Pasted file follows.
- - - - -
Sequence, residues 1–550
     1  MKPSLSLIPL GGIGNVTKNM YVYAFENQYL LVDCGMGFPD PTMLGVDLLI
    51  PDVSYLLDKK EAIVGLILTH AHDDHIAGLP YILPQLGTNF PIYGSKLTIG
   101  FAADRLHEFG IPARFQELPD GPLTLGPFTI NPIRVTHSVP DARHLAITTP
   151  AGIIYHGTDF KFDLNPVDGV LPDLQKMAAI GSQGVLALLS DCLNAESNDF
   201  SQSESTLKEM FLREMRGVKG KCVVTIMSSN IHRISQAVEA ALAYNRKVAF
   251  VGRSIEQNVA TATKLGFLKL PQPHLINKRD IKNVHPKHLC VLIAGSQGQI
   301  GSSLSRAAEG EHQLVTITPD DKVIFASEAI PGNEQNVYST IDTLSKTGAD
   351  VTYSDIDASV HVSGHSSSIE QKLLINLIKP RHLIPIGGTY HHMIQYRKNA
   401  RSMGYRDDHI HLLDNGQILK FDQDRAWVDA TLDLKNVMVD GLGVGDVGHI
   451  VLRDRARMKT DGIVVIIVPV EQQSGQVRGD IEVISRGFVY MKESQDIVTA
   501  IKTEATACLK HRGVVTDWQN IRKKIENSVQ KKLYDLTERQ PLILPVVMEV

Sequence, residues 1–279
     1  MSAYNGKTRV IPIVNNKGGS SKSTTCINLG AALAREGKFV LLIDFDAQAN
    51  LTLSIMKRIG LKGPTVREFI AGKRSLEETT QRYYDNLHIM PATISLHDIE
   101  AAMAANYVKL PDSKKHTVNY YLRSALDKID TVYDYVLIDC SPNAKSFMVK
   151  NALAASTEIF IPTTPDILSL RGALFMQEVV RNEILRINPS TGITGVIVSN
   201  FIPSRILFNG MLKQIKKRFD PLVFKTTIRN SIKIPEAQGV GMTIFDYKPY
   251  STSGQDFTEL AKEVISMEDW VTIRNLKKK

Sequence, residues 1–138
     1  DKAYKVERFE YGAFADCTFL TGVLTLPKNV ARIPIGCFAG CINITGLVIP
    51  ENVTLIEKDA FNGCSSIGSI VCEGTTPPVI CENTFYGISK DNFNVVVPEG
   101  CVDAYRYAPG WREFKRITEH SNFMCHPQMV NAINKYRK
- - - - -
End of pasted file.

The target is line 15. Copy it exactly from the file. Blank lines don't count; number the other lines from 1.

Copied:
    51  LTLSIMKRIG LKGPTVREFI AGKRSLEETT QRYYDNLHIM PATISLHDIE